I was going to write about Russell Martin tonight, and more specifically, how the Pittsburgh Pirates can easily afford Martin in the future. I detailed the short-term of this subject earlier in the week, noting that there is plenty of room on the 2015 payroll to sign Martin. But what about beyond that?
One thing that is going to help the Pirates keep their payroll low in future years will be their top ranked farm system. That system projects to graduate the following players over the next two years.
2015 – Jameson Taillon (RHP), Nick Kingham (RHP), Adrian Sampson (RHP), Alen Hanson (2B)
2016 – Tyler Glasnow (RHP), Josh Bell (1B)
The Pirates already have some young players on their current roster who have graduated to the majors recently. A quick look at a possible 2017 Opening Day lineup shows that they could have a very young core if a lot of the above options work out. And for the purposes of getting an idea of how they could afford Martin, let’s include him in this projection.
C – Russell Martin
1B – Josh Bell
2B – Alen Hanson
SS – Jordy Mercer
3B – Josh Harrison
LF – Starling Marte
CF – Andrew McCutchen
RF – Gregory Polanco
SP – Gerrit Cole
SP – Tyler Glasnow
SP – Jameson Taillon
SP – Nick Kingham
SP – Adrian Sampson/Vance Worley/Brandon Cumpton
Seven of those 12 positions (not counting the catching position) are league minimum guys. The guaranteed contracts are currently at $19 M, along with potential buyouts for Charlie Morton and/or Jose Tabata. The price would go up if Morton returned. The biggest unknown expenses would be Jordy Mercer’s second year of arbitration, Josh Harrison’s third year, and Gerrit Cole’s first year.
In my 2015 projection, the Pirates had $23 M in guaranteed money, which is about $2 M more than the 2017 estimate with the buyouts. The 2015 team also has huge arbitration raises at first base, second base, and a smaller case in the rotation. I currently have those positions projected to add another $19 M. That doesn’t include the fact that the Pirates would need two members of the rotation from free agency or a trade, which should boost the overall figure by at least $10-15 M.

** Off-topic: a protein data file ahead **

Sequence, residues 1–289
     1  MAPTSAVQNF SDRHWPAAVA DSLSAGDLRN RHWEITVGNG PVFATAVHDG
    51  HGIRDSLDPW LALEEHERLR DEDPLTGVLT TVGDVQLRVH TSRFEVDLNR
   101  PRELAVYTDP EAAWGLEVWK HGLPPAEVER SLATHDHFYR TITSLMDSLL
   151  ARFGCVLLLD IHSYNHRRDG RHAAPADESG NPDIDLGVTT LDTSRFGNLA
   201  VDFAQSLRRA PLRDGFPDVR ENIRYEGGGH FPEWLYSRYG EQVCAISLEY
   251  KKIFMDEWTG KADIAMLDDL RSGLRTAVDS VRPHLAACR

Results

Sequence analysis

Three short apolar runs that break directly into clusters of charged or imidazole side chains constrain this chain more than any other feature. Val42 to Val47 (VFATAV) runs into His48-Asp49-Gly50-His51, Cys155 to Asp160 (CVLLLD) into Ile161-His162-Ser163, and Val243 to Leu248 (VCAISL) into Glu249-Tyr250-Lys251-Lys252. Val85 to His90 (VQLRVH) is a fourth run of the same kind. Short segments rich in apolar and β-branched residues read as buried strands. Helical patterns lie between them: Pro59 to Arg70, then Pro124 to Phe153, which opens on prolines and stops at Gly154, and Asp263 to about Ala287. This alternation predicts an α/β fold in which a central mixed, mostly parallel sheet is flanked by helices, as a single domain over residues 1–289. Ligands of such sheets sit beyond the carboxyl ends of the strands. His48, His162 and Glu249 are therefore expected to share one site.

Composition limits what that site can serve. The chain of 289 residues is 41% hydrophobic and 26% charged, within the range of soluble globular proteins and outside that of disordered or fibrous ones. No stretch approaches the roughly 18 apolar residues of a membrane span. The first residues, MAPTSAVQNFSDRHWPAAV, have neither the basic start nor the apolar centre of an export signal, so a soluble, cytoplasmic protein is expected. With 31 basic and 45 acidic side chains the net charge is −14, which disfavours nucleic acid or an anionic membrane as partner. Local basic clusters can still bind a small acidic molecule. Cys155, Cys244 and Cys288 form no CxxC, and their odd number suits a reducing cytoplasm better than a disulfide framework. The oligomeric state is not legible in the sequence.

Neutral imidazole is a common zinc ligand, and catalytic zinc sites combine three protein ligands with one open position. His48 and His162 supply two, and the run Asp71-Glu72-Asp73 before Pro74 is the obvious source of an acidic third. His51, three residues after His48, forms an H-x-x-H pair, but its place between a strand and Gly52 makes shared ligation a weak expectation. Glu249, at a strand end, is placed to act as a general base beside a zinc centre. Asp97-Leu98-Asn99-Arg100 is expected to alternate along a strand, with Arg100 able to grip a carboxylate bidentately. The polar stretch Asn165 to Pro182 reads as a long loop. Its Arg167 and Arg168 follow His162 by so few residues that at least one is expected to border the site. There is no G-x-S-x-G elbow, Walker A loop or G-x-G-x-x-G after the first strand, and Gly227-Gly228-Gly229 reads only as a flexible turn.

Let’s just go conservative and say the total is an extra $10 M for the rotation. That puts the 2015 lineup and rotation at least to $52 M before the addition of Martin. That 2017 estimate has the Pirates at $20.25 M, along with those three arbitration raises to Mercer, Harrison, and Cole. And I highly doubt that those three arbitration prices will combine for $32 M.
In short, the Pirates have a lot of good talent coming up in the minors, and if most of that talent works out, they’ll be in a much better financial position to afford a big contract to Martin in future years, as opposed to the first year. So while the short-term estimates say that they can afford to add Martin, the long-term estimates show them easily being able to afford him.
The other Martin-related topic today was the Baltimore Orioles’ extension of J.J. Hardy. I heard about the news over Twitter, when someone asked me why the Pirates didn’t think of this to extend Martin before he reaches free agency.
The fact that Martin hasn’t signed an extension yet doesn’t mean that they haven’t approached him. Whether they have or not, it probably wouldn’t matter. In Martin’s first interview with the Pittsburgh media right after signing, he talked about how the Pirates offered him a third year, but he opted for two years, hoping to rebuild some value and get back on the free agent market quicker. He has definitely rebuilt his value. And if he was intending to re-enter the market two years ago, then there’s no reason for him to abandon that plan with two weeks to go.
I don’t know why Hardy signed his extension when he did. I don’t know the entire situation surrounding his stay with the Orioles, and what his intentions were. What I do know is that it makes total sense for the Pirates to try and get Martin to sign the same extension. But that “it takes two to make a deal” thing still applies, and Martin has been planning on free agency this off-season since the day he signed with the Pirates. This doesn’t seem like a Hardy situation. But that doesn’t mean the Pirates can’t try to go after him when he is a free agent. As shown above, they’ve got the money in the budget for the next few years.
Links and Notes